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Aug. 8, 2020, 9:50 a.m. EDT

Bank of America strategist: ‘I’m so bearish, I’m bullish’

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By Steve Goldstein, MarketWatch

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It’s tough being a bear in the age of coronavirus.

Only on Wall Street would an investment research report titled, “I’m so bearish, I’m bullish” make some sort of intuitive sense.

That is what Michael Hartnett, chief investment strategist at Bank of America, went with for his weekly report on asset flows.

The “nihilistic” bull take, he says, is a decadelong backdrop of maximum liquidity, and minimal growth is still maximum bullish. The value of U.S. financial assets, after all, is 6.2 times gross domestic product. So while GDP has hemorrhaged, and with some 30 million unemployed, that is numbed by central bank asset purchases that work out to $2 billion per hour.

The structural view driving bond yields lower is now “shared by all,” as the yield on the 10-year Treasury-Inflation Protected Securities was -1.08% on Thursday. While that “doesn’t mean to say it is wrong,” it is inciting a bubble, Hartnett says. Ultimately, an S&P 500 /zigman2/quotes/210599714/realtime SPX -0.58%  at 4,000, gold /zigman2/quotes/210034565/delayed GC00 +0.78%  at $3,000 per ounce and oil /zigman2/quotes/211629951/delayed CL.1 -4.63%  at $60 per barrel is “probably inconsistent with 0% /zigman2/quotes/211347051/realtime BX:TMUBMUSD10Y -2.72%  Treasury yields.”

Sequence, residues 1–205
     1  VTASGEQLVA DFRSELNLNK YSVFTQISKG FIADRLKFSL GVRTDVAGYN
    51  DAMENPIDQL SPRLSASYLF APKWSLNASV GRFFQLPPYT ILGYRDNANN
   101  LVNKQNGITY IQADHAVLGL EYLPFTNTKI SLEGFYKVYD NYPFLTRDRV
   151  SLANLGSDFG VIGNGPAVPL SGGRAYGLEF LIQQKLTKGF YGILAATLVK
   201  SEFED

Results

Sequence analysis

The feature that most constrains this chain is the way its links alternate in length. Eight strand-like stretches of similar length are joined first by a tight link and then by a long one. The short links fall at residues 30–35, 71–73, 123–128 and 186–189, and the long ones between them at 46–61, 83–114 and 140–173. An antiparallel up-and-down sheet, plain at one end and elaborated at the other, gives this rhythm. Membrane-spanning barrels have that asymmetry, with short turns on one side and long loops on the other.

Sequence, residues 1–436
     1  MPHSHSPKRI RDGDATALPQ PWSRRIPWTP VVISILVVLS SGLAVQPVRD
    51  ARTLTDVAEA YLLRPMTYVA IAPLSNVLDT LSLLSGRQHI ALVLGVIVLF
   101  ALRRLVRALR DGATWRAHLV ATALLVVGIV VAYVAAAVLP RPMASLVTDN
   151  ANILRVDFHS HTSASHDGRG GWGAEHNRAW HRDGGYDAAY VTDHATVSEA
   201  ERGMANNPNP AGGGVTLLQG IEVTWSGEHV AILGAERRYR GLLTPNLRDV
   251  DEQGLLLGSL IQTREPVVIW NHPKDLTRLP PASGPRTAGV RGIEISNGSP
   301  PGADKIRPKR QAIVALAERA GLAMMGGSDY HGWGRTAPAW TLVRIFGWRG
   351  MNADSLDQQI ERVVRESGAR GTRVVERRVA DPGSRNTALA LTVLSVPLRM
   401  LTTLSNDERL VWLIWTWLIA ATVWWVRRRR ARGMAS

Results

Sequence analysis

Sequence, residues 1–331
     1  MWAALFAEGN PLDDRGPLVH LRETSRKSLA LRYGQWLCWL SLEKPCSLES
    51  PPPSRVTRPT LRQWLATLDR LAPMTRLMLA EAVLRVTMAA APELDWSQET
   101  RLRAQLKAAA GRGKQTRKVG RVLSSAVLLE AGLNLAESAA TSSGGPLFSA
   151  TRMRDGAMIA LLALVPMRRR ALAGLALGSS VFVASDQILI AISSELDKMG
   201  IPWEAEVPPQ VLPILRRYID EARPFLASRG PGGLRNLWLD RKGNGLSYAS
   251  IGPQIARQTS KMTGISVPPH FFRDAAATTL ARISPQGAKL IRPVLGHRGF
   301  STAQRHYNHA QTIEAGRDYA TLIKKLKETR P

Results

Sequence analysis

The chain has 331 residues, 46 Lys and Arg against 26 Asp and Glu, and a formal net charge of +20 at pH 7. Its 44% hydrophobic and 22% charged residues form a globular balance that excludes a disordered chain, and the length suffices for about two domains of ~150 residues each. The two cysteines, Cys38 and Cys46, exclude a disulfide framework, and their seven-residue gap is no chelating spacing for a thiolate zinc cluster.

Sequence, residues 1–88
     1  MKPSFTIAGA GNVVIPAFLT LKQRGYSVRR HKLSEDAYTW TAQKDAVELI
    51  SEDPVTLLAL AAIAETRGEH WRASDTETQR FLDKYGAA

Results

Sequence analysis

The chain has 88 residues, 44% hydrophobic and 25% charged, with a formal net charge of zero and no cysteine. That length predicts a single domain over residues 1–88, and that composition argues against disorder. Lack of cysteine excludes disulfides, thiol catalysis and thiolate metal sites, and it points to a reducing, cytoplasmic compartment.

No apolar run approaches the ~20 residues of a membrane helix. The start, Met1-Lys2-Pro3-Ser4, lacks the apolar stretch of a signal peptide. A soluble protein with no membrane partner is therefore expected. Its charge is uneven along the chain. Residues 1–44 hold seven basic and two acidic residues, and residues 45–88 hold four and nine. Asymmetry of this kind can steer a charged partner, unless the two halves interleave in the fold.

Banks, he says, can’t lend, as evidenced by 71% in the Federal Reserve’s senior loan officer survey saying lending standards have tightened, which is the highest since the fourth quarter of 2008. State and local governments can’t spend, with state tax revenues down 37% year-over-year in New York, down 42% in California and down 53% in Oregon.

Meanwhile, federal deficits are surging, with the deficit set to top 25% of GDP for the first time since World War II if there is a Phase IV stimulus package of at least $1 trillion. These deficits will be financed by Federal Reserve action that will lead to dollar debasement.

Hartnett says the history of great bear market rallies predicts an S&P 500 top between 3,300 and 3,600, between August and January, with “liquidity driving Wall Street overshoots until weaker dollar/wider credit spreads signal credit event or fiscal stimulus/higher yields signal recovery.”

He is bearish for 2021, however, and says the themes for next year will be to buy volatility and inflation assets.

The chart

The latest New York Fed report on household debt shows delinquencies on the rise for credit cards but falling for student debt and mortgages. The Coronavirus Aid, Relief, and Economic Security Act has provided relief for student and mortgage loan owners, but not for credit-card and automobile loan debt.

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Steve Goldstein is MarketWatch markets editor for Europe. Follow him on Twitter: @MKTWgoldstein.

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